Understandable, perhaps, but is cutting military assistance the right tool for that? No, it is not. Siegel, Leibovitz and Kristoff generally act as if cutting off assistance would have little or no effect on the way the Iranians and Hezbollah would read the situation and American support for Israel. Already, the turmoil in Israel is being read by both as a sign of Israeli weakness, with Hezbollah’s actions over the last few months ranging from having an operative carry out a terrorist act in Megiddo to permitting Hamas to fire rockets from southern Lebanon to increasingly provocative acts along the border, demonstrating that Hassan Nasrallah is becoming far less risk-averse. Cut off American assistance now, or say we will plan to do so, and the Iranians and Hezbollah will up the ante and make a conflict far more likely. Does Israel need a multifront conflict? Would that serve America’s interests?
Israel’s senior military and intelligence officials are not looking to go to war now, and to a person would oppose the cutoff of American military assistance to Israel, and not because they have some financial stake in assistance from America. The retired IDF general, Gershon Hacohen, who Siegel and Liebovitz cite in support of their call for ending aid, is not representative of the thinking of Israel’s senior security leadership. Moreover, the argument that Israel should not want to be tied to American military equipment is simply wrong-headed. Every Israeli leader wants to preserve Israel’s qualitative military edge and it is American equipment that provides it. Our weapons remain cutting edge, highly sought after by everyone, and Israel needs not just F-35s but F-15Is for long-range missions. Moreover, Israel’s development of Iron Beam—a laser-based defensive system that can be a cost-effective game-changer in countering tens of thousands of Hezbollah rockets and drones—requires more security assistance from the U.S. to make it operational sooner rather than later. (Iron Beam will also be beneficial for our military and is another example of how our security assistance to Israel also benefits our forces.)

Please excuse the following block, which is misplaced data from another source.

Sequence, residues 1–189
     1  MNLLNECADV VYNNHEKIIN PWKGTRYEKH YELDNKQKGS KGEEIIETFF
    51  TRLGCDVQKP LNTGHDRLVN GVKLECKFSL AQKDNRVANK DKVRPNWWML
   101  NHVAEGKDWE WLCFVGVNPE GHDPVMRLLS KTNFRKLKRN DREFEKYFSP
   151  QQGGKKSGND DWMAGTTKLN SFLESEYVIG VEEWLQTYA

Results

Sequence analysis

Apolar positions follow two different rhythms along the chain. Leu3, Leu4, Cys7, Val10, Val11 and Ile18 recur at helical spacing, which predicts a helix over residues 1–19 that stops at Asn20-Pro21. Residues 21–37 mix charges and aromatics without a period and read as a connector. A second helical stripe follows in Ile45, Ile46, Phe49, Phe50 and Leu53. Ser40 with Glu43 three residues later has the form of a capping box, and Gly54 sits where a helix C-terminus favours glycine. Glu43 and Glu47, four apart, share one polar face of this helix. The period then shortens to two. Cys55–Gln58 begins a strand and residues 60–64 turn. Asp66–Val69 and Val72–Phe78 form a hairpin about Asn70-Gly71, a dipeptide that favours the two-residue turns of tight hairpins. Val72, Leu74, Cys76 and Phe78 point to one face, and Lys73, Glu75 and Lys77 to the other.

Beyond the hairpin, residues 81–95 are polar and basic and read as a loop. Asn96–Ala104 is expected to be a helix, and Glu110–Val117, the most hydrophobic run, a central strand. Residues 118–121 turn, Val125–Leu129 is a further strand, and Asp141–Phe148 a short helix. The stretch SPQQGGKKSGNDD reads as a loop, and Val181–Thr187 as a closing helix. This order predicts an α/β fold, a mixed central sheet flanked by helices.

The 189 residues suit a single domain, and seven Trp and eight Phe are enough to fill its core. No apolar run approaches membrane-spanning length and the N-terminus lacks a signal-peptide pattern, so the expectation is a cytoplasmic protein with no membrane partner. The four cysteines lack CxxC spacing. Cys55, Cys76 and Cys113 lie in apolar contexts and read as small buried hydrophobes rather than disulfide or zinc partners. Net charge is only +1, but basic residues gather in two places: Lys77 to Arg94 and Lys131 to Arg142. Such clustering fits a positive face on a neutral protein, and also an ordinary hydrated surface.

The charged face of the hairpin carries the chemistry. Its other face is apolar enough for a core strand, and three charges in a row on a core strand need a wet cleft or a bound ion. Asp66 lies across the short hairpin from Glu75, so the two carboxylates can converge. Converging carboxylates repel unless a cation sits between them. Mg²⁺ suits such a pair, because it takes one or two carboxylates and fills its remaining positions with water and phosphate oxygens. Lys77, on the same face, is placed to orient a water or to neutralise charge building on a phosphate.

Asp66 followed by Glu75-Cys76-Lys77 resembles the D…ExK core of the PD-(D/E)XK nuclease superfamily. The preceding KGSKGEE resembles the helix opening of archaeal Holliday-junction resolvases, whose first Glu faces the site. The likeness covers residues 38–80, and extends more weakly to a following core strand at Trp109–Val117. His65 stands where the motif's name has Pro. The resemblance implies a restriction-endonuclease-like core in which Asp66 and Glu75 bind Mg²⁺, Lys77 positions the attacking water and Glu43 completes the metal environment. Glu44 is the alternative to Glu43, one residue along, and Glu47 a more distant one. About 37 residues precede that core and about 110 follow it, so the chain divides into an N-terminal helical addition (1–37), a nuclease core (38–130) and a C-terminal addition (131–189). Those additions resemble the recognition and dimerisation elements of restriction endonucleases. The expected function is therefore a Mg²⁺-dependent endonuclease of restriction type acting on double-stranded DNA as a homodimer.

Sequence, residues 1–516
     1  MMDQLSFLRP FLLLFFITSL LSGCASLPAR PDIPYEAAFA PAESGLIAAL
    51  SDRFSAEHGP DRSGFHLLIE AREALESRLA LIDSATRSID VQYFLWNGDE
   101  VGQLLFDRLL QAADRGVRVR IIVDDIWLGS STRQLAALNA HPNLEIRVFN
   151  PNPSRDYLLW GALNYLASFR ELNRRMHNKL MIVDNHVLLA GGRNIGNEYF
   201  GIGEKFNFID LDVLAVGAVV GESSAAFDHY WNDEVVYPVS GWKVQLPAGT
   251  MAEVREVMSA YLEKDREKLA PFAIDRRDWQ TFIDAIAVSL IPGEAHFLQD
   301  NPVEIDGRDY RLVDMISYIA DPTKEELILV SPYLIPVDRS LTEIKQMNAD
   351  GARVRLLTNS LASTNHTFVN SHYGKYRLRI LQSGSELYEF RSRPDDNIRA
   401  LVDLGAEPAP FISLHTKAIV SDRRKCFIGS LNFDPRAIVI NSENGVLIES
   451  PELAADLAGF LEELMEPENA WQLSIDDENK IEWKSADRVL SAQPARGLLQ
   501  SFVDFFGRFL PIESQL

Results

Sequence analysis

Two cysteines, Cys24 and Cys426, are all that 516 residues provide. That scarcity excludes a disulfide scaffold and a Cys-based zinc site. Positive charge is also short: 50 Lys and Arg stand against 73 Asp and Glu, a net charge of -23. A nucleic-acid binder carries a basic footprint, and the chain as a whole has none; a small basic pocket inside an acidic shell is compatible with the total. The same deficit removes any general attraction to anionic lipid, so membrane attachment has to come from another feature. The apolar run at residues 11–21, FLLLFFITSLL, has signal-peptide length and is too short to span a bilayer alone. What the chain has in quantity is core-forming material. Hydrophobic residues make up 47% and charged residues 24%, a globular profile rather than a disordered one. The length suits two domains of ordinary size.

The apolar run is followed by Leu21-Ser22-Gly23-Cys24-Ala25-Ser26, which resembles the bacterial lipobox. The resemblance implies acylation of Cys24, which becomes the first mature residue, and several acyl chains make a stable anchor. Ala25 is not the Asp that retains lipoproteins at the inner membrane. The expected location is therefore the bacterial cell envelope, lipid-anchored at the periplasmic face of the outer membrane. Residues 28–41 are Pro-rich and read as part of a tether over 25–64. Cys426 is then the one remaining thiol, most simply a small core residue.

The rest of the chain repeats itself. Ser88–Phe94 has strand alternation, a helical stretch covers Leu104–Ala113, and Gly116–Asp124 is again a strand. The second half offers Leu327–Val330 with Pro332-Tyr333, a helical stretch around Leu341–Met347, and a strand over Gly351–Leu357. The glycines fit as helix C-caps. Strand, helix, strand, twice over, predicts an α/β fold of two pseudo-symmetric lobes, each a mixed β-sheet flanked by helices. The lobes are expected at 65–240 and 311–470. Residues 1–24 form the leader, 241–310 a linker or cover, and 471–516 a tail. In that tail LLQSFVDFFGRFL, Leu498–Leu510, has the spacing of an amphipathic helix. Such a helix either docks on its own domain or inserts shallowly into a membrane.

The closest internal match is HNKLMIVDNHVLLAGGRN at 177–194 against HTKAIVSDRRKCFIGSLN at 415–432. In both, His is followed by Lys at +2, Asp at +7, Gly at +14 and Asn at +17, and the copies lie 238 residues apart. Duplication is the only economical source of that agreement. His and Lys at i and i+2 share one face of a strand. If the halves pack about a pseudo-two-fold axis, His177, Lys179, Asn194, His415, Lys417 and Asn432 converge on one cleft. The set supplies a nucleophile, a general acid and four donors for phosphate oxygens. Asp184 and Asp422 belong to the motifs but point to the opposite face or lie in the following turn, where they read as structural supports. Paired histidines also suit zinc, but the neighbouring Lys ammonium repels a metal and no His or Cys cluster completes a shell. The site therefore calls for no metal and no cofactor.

One should not only think of the impact of cutting security assistance on Israel and Iran/Hezbollah, but also on others in the region. U.S. presidents have repeatedly said our commitment to Israel is “ironclad”—and a cutoff of military assistance could, of course, be tied to reaffirmations of our commitment to Israeli security. But at a time when the Saudis, Emiratis, and others in the region doubt our staying power in the region, the announcement that we are cutting military assistance to Israel will reinforce their view that we are leaving the Middle East. That will surely feed their instinct to further hedge bets—hardly something likely to serve our interests.
Bottom line: Whether thinking about what is in our interests or Israel’s, cutting military assistance to Israel at this time is wrong-headed. It will send the wrong signal at the wrong time, and increase the risk of conflict in the region.
Dennis Ross is the Davidson Distinguished Fellow at the Washington Institute for Near East Policy. In addition to serving as President Clinton’s envoy to the Arab-Israeli conflict, he held senior national security positions in the Reagan, Bush and Obama Administrations. His book, Doomed to Succeed, provided a history of the US-Israeli relationship from Truman to Obama. He is working on a new book, Statecraft 2.0.